Sep 27 2018
17 mins
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Rank #7: Is Germany Losing its Mojo?

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Germany is booming, yet some commentators suggest the nation's loss of confidence on the football pitch may mirror economic angst back home.
A shortage of skilled workers, inadequate public investment, a failure to grasp new technologies - these are just some of the criticisms that Germans level at their own economic performance. And at the heart of it is a political crisis over the influx of migrants - something many economists say is sorely needed in this ageing nation.
Anna-Katarina Noryskiewicz reports from Berlin, plus presenter Rob Young speaks to Gabriel Felbermayr, director of the Ifo Centre for International Economics in Germany.
(Picture: A German fan looks dejected following defeat in the 2018 World Cup; Credit: Kevin C. Cox/Getty Images)
Jun 29 2018
17 mins
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Rank #8: Putin's Great Nemesis

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Businessman Bill Browder was singled out by Russian President Vladimir Putin, at his summit with US President Donald Trump, as a "person of interest".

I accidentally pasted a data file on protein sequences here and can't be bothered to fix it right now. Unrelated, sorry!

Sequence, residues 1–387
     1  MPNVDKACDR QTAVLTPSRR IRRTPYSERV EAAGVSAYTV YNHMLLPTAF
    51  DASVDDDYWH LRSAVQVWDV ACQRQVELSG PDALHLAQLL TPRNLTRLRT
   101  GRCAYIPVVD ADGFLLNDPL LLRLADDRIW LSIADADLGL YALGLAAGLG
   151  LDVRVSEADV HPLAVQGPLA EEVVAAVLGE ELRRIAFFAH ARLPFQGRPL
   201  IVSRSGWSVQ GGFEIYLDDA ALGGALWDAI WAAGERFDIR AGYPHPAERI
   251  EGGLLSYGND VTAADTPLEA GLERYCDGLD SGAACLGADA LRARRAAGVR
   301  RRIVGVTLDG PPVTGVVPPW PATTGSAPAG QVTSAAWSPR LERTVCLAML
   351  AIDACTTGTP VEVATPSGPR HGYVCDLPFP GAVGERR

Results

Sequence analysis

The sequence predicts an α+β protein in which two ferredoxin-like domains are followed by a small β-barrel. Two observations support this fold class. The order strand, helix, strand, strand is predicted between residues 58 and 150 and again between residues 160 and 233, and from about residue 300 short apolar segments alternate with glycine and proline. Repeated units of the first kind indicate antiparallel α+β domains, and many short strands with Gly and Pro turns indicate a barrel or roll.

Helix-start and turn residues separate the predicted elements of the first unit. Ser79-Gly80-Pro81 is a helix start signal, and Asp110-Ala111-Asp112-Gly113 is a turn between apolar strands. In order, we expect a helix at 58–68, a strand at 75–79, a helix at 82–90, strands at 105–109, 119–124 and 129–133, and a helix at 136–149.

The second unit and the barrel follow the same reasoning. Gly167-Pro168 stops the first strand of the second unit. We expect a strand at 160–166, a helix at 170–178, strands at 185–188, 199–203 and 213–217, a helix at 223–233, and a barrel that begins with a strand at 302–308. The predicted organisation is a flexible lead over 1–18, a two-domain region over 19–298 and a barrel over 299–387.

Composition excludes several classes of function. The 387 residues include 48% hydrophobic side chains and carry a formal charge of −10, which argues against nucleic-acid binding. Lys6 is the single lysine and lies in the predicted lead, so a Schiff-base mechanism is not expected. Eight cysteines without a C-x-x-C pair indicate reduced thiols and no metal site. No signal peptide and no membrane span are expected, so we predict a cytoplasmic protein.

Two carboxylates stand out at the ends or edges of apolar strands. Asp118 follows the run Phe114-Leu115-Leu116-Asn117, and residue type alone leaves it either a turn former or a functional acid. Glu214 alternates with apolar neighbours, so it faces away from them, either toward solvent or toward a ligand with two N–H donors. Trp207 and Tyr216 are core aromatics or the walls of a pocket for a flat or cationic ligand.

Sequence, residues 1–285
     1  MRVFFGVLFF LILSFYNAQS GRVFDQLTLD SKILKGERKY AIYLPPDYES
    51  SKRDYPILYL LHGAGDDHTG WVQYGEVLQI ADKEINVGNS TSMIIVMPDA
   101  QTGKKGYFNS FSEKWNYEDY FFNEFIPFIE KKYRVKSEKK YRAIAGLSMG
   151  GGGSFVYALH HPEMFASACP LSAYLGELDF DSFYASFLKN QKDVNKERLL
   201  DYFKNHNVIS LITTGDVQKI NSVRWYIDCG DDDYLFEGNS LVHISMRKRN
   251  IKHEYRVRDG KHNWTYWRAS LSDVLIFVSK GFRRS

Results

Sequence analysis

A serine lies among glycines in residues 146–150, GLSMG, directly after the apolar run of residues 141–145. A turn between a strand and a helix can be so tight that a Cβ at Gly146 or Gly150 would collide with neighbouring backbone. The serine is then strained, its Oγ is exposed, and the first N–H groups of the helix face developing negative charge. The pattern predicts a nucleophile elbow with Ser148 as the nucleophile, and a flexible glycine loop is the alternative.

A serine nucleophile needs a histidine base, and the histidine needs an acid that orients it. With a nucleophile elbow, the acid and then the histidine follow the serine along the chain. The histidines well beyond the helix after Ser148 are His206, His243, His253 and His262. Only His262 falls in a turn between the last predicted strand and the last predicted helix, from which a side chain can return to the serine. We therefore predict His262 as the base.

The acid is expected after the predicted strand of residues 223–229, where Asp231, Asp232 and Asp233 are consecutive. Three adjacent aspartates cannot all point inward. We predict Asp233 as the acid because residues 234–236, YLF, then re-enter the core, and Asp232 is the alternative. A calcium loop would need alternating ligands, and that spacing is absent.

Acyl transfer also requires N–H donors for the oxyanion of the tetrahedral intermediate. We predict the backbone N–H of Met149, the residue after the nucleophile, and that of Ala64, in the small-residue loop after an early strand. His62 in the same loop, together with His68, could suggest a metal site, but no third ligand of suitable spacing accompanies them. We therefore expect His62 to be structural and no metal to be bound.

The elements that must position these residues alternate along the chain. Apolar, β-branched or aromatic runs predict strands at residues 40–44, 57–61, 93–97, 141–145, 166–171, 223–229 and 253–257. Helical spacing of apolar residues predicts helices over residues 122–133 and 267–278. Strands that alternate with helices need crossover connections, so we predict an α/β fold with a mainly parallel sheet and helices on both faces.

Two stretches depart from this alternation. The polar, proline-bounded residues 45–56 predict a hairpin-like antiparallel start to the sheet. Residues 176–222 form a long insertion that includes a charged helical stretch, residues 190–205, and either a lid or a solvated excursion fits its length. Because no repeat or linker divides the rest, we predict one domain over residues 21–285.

In an extended interview, Manuela Saragosa asks the man who was once the biggest foreign fund manager in Russia how he came to incur Mr Putin's ire, and about his campaign to get Western nations to pass a "Magnitsky Act" imposing sanctions and visa restrictions on Russian individuals. Plus Dr Florian Otto of political risk consultancy Maplecroft explains what Mr Browder's case can tell us about the risks of doing business in Russia.
(Picture: Bill Browder testifying to the US Senate; Credit: Drew Angerer/Getty Images)
Jul 20 2018
17 mins
Play